"Possibly,' he said thoughtfully, 'we should have gone to you in the first place. Our motives in doing this, you may or may not know, are, well - they are idealistic."
B.A. Arthur cleared his throat. "The world today is a turbulent, unpredictable, war-ridden place. In no country, no nation on the face of the earth, are property rights unhampered by taxation. I am an American citizen, and when I die, the United States government plans to take over half my fortune in inheritance taxes - which means they will take some seven hundred million dollars, in spite of all my lawyers can do to the contrary. Granting, of course, that taxation has not made me a pauper before then."
B.A. Arthur scowled before he continued.
"Government meddling - you find it everywhere. Take the New York Stock Exchange, for example - what do you find? Government regulations everywhere you turn. The banks? Deposit insurance - eating up the banker's legitimate profit. Utilities? Government competition forcing rates down until return on capital is cut to a measly seven or eight percent."
Doc Savage looked around the table and said "The point is that you fellows - you very wealthy men - don't like the way the world is today. That it?"
"And you propose?"
"We will create a sanctuary for wealth," B.A. Arthur said grimly. "There will be no income tax, no tax on any business enterprise of any size. There will be no regulations. Operating from such a country, we will soon make it the financial center of the world."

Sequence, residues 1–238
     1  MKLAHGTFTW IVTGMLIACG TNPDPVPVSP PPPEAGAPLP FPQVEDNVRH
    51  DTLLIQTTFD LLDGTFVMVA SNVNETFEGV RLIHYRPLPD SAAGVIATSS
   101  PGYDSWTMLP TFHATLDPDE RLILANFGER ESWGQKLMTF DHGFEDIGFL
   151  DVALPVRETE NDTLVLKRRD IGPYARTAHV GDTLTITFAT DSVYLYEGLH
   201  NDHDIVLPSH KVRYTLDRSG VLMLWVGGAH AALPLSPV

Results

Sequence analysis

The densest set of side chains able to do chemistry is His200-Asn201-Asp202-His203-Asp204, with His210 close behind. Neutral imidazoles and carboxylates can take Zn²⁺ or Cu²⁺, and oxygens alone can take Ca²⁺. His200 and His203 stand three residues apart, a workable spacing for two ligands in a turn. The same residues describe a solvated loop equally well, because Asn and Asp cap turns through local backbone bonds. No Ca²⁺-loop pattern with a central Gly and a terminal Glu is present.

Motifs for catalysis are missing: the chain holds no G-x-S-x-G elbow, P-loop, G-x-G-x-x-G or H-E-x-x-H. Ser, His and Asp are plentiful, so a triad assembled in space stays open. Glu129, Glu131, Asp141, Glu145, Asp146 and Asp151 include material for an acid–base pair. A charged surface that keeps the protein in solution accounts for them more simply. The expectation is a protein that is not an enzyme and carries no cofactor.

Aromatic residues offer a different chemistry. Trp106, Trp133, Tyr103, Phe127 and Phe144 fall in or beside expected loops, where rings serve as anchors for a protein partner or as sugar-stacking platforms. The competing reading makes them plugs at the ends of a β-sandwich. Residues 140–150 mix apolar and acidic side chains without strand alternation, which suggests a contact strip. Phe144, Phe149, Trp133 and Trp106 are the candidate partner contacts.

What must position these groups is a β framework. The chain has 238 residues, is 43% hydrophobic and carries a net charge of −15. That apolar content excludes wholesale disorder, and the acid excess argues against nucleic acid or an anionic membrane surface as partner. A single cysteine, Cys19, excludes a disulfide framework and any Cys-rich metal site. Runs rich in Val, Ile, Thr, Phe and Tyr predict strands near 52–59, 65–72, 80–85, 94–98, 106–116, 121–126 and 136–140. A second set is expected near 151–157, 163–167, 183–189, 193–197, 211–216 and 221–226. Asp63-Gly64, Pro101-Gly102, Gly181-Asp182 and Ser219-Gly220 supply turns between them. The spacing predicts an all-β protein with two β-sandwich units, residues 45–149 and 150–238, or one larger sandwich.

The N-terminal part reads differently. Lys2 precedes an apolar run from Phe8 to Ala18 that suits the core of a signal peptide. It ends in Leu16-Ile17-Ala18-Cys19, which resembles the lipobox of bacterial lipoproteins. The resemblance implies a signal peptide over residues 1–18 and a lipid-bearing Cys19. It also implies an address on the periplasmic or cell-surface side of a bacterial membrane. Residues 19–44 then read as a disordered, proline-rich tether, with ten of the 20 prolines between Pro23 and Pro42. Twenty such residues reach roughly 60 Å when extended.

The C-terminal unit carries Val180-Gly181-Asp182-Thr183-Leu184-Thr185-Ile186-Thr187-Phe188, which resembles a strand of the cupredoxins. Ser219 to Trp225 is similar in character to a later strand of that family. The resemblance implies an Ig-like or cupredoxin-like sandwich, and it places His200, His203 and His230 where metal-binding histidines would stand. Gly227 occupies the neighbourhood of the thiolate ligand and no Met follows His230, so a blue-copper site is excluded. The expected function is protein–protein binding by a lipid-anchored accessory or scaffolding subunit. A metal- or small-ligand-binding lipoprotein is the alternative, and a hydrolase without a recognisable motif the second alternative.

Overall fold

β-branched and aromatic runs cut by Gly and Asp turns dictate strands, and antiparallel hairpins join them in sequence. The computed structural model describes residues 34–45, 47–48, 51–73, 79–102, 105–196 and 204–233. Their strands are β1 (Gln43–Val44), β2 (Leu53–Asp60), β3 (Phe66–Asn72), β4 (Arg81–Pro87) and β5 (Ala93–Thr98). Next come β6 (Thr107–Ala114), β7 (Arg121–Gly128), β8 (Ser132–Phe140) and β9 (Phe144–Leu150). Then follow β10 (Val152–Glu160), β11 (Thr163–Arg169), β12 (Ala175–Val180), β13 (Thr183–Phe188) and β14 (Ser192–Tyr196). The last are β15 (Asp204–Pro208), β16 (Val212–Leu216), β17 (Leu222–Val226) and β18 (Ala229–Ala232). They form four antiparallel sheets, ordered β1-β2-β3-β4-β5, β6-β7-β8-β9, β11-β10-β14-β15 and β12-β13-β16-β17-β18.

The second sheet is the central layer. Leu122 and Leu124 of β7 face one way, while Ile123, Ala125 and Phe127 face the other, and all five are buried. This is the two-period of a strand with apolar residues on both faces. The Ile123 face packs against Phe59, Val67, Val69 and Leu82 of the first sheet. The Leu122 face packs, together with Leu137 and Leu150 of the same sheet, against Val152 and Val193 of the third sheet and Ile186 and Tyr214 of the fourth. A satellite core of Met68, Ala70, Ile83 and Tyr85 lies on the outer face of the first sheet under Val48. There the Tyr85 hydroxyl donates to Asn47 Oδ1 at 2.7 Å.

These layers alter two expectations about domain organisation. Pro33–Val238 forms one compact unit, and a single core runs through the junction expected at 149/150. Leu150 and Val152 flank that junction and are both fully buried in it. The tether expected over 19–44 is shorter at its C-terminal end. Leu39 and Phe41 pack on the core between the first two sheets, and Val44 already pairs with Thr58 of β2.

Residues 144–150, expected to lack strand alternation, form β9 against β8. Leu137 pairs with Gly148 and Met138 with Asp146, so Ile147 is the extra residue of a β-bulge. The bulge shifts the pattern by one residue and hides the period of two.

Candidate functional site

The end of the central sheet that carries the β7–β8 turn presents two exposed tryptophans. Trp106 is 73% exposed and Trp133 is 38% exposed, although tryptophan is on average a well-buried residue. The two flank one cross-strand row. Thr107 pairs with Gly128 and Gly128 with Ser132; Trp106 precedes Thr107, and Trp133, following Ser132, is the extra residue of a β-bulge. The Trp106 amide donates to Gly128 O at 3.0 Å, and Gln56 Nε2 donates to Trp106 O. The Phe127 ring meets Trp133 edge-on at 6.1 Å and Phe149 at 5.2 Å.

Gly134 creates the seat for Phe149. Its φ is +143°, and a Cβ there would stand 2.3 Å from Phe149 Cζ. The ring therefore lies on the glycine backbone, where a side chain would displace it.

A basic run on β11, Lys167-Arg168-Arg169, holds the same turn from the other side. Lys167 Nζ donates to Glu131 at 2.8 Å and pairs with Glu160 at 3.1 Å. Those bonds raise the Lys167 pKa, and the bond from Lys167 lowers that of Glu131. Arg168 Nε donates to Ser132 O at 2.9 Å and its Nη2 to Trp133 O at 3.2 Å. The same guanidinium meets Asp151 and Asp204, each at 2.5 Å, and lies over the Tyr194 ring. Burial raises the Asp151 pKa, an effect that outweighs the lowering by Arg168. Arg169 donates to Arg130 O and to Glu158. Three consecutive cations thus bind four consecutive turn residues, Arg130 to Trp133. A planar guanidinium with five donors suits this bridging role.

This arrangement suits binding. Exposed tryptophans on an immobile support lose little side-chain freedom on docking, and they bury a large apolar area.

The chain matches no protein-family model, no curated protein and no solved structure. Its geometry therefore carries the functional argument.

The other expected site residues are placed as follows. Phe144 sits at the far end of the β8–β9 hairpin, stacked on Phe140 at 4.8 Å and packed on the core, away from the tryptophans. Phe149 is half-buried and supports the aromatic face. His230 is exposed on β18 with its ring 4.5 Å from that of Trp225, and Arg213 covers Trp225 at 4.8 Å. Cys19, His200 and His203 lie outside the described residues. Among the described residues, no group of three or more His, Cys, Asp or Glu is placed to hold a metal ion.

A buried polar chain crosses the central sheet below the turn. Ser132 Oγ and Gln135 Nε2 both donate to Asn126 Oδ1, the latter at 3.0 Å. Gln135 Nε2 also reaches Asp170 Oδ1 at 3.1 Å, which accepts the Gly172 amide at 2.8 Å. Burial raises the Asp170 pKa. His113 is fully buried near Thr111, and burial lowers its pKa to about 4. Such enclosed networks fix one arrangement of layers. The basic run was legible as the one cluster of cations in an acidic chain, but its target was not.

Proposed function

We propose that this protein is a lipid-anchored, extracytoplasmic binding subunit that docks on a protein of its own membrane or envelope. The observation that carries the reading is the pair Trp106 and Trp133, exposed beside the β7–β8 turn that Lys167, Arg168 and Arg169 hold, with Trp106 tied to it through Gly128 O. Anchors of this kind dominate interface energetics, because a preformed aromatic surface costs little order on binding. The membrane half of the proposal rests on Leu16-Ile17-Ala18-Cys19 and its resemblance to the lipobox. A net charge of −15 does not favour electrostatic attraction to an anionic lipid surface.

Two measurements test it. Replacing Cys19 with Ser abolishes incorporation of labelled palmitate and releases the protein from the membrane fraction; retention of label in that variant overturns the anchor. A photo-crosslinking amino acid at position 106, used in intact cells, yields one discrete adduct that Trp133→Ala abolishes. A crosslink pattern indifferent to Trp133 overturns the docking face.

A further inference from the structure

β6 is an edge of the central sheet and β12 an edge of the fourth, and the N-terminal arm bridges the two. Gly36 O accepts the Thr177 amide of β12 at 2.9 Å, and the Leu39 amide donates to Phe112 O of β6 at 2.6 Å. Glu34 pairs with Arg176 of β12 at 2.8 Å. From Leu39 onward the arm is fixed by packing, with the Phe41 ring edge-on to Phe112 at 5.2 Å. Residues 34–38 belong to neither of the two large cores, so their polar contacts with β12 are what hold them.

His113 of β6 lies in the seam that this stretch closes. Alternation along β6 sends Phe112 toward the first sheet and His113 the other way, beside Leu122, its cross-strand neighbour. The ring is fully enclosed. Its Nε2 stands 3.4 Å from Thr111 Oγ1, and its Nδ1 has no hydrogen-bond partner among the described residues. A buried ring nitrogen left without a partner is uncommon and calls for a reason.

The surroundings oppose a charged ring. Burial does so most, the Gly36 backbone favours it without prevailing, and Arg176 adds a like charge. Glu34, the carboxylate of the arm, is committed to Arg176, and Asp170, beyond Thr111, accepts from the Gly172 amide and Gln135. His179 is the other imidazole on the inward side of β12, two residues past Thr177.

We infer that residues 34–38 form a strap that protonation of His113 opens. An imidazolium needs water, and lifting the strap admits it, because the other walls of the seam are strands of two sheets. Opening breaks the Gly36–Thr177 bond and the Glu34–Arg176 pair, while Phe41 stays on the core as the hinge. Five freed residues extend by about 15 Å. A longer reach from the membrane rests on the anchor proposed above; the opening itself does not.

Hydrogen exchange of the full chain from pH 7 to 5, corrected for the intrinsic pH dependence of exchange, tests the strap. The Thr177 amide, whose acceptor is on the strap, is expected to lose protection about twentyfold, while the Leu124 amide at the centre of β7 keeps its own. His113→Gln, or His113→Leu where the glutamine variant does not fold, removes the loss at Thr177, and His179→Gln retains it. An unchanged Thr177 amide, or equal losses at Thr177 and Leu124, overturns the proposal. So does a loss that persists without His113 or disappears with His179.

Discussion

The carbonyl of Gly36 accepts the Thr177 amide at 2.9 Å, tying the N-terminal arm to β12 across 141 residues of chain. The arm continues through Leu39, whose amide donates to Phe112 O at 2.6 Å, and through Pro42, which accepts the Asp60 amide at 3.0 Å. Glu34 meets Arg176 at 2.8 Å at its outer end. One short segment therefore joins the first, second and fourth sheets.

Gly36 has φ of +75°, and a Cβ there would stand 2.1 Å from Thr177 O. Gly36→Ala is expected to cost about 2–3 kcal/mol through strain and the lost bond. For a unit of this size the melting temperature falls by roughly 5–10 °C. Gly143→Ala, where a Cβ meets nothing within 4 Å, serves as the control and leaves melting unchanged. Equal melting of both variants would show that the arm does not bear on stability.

"What about the natives of Cristobal?"
"Oh, them? They will be shown their place." B.A. Arthur suddenly pounded the table. "There will be none of this damned rights-of-labor stuff! No unions. The first time the fools go on strike, we'll have them shot down. That'll teach them!"
Doc Savage remained emotionless, asked "And where do I come in?"
"We need brains. We might hire yours."
"What makes you think I would work for you?"
"You're one of those idiots who spends his time trying to make a better world, aren't you? Well, we're offering you the chance of your lifetime."
Doc shook his head. "This whole set up is rather hideous. It's selfish and ugly. It is simply a case of rich men - even more wealthy than anyone has a right to be - trying to keep their money and get more."
- THE DAGGER IN THE SKY, Kenneth Robeson (Lester Dent)
originally published in DOC SAVAGE MAGAZINE, 1939
Ah, the rich are ever with us. Too bad Doc Savage isn't real.